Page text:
Călimănești, often known as Călimănești-Căciulata, is a town in Vâlcea County, southern Romania. It is situated in the historical region of Oltenia and the northern part of the county, on the traditional route connecting the region to Transylvania, and at the southern end of the Olt River valley crossing the Southern Carpathians.
The location of several thermal springs, Călimănești-Căciulata is known as a spa town. During the 20th century, many hotels and treatment facilities were built in Căciulata, a northern area of the town which is close to Cozia Monastery. The Monastery was built by Mircea the Old in 1388 which is also the day of the city Călimănești and Râmnicu Vâlcea (just south on DN7).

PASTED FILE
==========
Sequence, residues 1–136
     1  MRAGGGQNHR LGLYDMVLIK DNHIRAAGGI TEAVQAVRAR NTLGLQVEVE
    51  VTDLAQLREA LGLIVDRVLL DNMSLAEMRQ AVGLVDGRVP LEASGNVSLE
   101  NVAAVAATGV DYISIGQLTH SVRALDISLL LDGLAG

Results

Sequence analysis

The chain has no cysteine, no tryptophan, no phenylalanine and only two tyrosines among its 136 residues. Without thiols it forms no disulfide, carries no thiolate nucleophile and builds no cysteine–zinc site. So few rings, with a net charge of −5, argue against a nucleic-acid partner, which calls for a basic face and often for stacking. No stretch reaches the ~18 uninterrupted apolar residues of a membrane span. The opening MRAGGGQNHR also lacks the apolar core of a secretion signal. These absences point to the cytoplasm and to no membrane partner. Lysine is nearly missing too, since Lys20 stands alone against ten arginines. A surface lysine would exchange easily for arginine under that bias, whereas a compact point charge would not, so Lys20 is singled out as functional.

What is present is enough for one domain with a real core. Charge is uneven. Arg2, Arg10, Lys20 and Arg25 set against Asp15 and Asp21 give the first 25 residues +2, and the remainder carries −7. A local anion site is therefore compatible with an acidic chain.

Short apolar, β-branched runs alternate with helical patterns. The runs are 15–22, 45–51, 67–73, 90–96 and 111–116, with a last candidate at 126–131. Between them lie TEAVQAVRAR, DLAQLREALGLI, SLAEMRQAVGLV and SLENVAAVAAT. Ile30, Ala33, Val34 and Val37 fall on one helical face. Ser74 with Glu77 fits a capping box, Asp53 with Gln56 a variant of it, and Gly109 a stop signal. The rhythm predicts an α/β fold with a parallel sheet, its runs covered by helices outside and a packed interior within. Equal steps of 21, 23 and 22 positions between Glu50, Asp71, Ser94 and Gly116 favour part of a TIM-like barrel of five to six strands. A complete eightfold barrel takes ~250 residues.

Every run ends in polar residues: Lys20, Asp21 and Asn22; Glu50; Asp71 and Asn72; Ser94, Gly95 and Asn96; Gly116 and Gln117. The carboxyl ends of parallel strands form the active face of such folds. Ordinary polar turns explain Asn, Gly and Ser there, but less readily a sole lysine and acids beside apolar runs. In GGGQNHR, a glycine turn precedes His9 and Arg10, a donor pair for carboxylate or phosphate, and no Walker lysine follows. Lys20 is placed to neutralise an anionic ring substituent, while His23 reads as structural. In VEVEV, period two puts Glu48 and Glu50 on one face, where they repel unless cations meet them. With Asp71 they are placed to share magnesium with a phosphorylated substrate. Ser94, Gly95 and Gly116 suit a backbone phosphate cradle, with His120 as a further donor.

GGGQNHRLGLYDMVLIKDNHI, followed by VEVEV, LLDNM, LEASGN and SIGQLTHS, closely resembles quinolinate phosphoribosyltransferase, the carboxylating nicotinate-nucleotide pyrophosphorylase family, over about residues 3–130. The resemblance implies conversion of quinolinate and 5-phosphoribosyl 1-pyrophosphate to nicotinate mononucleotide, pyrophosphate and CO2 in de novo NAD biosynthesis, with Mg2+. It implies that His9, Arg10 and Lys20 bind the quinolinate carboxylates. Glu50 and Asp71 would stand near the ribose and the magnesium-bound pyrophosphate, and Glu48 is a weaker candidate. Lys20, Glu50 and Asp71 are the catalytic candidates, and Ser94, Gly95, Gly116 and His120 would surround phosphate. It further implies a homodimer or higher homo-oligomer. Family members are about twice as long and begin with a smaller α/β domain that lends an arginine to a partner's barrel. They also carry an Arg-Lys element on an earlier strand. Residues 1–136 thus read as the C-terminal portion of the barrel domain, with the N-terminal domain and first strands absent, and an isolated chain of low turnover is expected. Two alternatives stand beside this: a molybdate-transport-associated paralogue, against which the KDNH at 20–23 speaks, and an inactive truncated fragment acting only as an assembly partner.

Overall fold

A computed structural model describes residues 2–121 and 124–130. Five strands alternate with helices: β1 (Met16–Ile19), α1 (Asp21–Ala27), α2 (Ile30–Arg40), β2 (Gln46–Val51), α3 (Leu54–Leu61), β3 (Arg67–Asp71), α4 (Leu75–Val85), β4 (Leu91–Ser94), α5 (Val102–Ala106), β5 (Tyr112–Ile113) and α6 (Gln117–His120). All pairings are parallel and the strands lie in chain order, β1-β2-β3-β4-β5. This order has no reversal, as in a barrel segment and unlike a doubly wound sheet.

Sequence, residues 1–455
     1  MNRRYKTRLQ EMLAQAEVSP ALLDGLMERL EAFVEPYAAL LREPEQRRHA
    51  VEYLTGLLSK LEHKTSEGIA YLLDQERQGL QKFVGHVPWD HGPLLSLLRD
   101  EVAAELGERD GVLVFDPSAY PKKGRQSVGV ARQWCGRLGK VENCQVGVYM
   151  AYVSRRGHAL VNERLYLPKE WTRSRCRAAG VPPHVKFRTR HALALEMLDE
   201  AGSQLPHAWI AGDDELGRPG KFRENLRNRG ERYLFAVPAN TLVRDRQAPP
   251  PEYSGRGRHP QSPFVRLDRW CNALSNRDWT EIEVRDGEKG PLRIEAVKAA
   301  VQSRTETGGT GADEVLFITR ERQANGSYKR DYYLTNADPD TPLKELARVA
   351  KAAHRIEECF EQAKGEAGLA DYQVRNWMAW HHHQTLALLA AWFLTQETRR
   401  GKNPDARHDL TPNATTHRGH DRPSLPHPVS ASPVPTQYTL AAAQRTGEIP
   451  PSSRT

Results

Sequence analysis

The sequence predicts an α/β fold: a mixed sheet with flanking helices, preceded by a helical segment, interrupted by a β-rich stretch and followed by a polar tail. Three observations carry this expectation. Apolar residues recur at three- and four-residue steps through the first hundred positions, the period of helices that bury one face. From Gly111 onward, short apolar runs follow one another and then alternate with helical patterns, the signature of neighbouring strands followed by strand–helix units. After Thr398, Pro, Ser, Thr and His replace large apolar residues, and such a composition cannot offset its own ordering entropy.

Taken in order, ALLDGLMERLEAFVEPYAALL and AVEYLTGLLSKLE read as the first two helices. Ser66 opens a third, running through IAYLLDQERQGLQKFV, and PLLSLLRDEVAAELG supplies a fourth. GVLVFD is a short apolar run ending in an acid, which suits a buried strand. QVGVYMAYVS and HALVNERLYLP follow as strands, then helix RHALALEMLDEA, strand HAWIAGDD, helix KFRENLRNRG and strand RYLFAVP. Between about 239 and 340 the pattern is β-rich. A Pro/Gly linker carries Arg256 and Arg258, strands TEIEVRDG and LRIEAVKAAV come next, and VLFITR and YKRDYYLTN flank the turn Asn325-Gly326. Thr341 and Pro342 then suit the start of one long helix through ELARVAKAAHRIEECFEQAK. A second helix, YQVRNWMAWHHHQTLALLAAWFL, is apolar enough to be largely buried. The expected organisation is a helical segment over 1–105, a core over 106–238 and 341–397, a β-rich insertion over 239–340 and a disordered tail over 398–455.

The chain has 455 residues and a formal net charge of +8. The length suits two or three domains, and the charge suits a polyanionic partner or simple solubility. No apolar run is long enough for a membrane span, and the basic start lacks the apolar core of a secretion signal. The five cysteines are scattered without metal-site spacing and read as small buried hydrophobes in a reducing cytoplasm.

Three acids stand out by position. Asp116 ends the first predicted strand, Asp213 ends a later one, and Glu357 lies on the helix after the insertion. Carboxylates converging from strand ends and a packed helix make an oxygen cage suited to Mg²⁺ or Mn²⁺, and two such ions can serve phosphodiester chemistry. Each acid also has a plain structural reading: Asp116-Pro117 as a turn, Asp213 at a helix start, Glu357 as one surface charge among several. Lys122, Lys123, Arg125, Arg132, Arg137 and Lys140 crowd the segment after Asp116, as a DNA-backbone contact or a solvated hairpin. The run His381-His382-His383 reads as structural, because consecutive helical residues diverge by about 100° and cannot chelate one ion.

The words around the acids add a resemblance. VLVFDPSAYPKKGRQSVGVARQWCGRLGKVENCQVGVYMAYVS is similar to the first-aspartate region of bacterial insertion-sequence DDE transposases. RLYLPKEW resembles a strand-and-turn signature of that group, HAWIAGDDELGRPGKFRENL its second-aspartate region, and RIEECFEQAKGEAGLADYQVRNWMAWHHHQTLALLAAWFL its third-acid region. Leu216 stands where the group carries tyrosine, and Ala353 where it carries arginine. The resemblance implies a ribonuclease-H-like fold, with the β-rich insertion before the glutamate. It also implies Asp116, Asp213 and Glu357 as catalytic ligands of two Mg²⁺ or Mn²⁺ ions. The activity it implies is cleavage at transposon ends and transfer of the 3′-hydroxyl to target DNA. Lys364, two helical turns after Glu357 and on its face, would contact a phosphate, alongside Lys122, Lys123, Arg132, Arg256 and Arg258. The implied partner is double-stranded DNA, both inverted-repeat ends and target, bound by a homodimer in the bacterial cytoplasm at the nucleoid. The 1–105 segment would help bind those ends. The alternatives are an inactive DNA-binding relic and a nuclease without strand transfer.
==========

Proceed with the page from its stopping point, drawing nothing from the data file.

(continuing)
Arutela Roman Fort is located here.
The area around the town is full of fresh water springs and spa waters that are not in use. The old town was a bit smaller, the island you see on river Olt was bigger and the road was on what is now the river bed. In 1918 it was the major point of invasion in Transylvania. The town is build along DN7. The second most used road in Romania, used by Romanians to travel up to Transylvania and recently often used to go to Hungary, Austria and many other EU nations.
The town administers five villages: Căciulata, Jiblea Nouă, Jiblea Veche, Seaca and Păușa.